Non-South Carolinians might be amused to hear Republicans debate whether Graham is conservative enough. Four years before being elected to the Senate he was one of 13 House managers for President Bill Clinton's impeachment. He sharply criticizes Obama at times, calling presidential budget plans "a road map to disaster."
Like his pal and mentor Arizona Sen. John McCain, however, Graham often carves an independent path. Despite conservative attacks on Republican senators who have voted to confirm Obama's judicial nominees, Graham says presidents should get their choices barring something that's clearly disqualifying.
"I don't know how to construct a world where we get all of our judges, and they never get any of theirs," he said.
Graham says he would consider higher tax revenues in exchange for serious changes to Medicare and Social Security. He says immigration reform must include a pathway to citizenship for illegal immigrants. Both stands are anathema to many conservative activists.
Graham most recently drew their fire for joining McCain in denouncing Paul's highly publicized filibuster. Paul — a libertarian Republican weighing a presidential bid — demanded White House assurances that unmanned aircraft will not be used to kill American citizens on U.S. soil and not engaged in combat.
Graham called the question groundless and defended Obama's use of deadly drones against terrorist suspects overseas. He shrugged off the resulting torrent of angry tweets and e-mails, saying he and Paul get along fine.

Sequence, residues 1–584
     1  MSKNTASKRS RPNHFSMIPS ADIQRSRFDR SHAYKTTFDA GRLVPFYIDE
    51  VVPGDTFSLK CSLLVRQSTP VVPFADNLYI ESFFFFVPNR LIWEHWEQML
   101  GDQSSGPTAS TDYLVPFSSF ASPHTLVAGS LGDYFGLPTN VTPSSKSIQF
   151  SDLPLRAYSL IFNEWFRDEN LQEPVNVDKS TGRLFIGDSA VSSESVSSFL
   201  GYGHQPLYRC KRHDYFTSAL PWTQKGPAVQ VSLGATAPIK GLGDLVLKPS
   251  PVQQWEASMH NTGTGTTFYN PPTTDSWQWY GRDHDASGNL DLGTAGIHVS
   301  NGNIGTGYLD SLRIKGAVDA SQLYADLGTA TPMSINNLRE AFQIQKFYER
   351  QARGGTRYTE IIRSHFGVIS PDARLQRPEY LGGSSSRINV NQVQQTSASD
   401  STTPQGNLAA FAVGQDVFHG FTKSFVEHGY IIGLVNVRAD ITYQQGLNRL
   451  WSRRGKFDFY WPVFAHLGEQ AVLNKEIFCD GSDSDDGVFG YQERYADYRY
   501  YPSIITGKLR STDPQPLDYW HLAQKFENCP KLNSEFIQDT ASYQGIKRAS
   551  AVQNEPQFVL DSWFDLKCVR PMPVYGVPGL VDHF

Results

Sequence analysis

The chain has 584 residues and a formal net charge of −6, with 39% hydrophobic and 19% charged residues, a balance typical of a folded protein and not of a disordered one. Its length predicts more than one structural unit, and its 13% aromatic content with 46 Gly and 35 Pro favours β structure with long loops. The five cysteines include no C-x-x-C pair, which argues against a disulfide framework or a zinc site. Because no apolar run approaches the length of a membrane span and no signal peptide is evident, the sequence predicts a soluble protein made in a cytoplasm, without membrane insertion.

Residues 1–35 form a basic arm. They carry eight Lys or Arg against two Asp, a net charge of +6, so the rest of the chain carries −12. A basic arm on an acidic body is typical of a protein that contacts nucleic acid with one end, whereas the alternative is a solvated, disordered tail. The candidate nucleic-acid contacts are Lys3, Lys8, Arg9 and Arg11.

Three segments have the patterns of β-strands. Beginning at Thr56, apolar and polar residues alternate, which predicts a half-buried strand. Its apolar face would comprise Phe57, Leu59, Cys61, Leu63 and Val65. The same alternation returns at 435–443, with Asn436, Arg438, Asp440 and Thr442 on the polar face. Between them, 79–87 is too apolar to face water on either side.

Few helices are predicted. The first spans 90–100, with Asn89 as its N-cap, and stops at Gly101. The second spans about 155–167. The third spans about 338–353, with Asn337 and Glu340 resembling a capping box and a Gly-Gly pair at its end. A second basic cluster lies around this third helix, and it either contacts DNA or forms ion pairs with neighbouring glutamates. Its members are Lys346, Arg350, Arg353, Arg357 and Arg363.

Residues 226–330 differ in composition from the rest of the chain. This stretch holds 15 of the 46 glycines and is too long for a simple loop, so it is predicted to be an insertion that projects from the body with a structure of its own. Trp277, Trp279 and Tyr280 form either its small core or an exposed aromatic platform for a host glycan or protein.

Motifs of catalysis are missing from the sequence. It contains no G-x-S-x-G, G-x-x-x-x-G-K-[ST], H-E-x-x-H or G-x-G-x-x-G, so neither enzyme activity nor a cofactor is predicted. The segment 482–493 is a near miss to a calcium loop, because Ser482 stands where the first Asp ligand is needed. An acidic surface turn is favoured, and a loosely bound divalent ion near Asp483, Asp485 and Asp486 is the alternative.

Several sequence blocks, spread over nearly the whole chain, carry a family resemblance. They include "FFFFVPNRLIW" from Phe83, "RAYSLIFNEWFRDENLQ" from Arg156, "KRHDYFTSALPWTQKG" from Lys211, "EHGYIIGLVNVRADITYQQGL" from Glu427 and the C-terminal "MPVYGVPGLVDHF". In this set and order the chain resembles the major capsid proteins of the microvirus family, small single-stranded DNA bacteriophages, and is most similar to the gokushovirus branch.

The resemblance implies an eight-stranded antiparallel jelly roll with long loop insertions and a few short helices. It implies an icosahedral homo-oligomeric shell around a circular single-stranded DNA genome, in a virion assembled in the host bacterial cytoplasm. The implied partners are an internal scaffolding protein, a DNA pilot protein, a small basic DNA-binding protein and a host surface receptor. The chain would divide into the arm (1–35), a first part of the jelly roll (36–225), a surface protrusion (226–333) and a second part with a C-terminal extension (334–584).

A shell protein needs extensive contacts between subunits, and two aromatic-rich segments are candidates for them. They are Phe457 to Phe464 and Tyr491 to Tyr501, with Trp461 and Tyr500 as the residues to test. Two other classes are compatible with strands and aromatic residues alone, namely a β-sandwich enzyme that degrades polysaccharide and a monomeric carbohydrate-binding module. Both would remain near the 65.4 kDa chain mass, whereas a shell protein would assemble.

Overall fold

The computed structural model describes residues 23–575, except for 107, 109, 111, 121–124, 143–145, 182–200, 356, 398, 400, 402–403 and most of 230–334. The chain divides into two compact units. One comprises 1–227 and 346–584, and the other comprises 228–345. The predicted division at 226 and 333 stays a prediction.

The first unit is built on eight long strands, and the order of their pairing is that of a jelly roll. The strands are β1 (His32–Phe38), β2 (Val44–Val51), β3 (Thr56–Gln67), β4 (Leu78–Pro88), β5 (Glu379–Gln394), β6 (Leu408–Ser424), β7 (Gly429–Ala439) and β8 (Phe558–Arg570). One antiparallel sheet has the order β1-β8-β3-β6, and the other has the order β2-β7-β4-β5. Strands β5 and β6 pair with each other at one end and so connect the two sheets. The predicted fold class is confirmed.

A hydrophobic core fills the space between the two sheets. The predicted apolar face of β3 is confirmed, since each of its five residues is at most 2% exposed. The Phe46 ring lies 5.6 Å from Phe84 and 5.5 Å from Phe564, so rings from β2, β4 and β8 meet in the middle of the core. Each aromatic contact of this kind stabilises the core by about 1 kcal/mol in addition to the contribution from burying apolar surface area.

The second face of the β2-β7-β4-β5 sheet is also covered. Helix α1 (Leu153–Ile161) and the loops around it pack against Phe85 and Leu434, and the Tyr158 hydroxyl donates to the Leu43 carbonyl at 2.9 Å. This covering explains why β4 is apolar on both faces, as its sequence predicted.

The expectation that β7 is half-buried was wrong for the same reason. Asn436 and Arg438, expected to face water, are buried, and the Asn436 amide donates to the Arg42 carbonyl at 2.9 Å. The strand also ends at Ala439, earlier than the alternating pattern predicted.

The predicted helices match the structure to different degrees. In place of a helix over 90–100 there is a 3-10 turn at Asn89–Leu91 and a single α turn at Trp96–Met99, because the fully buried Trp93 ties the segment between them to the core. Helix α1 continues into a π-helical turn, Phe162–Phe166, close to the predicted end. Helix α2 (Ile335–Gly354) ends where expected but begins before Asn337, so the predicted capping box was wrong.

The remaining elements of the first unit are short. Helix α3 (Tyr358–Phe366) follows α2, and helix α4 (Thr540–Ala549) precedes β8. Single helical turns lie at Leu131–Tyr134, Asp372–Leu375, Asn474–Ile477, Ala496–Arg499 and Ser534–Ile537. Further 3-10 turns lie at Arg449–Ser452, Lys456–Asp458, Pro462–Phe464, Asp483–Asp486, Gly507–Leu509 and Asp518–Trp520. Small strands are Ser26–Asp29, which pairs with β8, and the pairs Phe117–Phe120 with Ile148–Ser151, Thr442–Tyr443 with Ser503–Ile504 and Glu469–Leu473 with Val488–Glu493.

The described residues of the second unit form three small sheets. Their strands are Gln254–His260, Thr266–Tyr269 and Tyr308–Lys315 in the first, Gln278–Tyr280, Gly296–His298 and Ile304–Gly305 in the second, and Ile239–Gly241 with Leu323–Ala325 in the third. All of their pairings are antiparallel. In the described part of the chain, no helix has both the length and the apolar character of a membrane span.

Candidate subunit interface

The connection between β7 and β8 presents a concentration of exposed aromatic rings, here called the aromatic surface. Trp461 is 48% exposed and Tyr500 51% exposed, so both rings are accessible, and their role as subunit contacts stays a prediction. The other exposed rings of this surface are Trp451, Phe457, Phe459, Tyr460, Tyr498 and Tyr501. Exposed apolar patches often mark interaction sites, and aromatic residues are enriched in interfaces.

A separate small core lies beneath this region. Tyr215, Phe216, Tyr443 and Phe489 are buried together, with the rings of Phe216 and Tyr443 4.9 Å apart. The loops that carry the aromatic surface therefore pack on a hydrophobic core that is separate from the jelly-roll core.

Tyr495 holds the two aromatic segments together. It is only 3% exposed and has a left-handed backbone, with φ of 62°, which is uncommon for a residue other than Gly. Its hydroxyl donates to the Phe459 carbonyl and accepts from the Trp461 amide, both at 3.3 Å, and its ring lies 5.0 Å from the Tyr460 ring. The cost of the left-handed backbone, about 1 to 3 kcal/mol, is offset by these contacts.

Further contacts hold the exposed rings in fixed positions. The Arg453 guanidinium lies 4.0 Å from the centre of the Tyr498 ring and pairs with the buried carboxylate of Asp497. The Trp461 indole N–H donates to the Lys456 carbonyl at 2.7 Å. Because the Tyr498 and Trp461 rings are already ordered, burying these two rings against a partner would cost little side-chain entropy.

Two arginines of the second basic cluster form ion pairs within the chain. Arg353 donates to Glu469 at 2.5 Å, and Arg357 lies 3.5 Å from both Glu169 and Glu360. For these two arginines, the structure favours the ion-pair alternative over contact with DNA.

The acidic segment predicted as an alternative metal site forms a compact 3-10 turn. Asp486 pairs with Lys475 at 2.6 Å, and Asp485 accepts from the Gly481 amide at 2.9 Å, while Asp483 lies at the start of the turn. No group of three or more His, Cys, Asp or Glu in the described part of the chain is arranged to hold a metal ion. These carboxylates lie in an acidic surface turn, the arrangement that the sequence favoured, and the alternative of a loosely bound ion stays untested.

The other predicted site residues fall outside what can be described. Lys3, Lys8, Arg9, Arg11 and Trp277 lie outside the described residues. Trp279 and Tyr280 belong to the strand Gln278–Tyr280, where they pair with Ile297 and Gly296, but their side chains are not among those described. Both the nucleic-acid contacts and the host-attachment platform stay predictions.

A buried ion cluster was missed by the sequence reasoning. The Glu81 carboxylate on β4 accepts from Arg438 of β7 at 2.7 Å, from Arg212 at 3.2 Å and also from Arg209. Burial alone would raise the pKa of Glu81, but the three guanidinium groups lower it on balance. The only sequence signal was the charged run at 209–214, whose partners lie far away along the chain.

"Rand and I play golf together," Graham said. They differ on surveillance and other anti-terrorism policies, he said, "but these differences have been around forever in the Republican Party."
Graham supports a "big-tent" GOP, which is disdained by those conservatives who say Republicans have become too wishy-washy and too willing to compromise.
"Partisan ideas, on big issues, never fare well over time," he said. He cited Obama's embattled overhaul of health care as an example.
As for the nation's economic challenges, he said, "the path off the road to becoming Greece is a shared path."
If the Republican Party is to thrive, Graham said, it must have "tea party libertarians, tea party conservatives, married up with traditional Republicans. That's the coalition of the future."
So far, most South Carolina Republicans seem disinclined to punish him for that vision.
Collins reported from South Carolina.
Copyright 2013 The Associated Press. All rights reserved. This material may not be published, broadcast, rewritten or redistributed.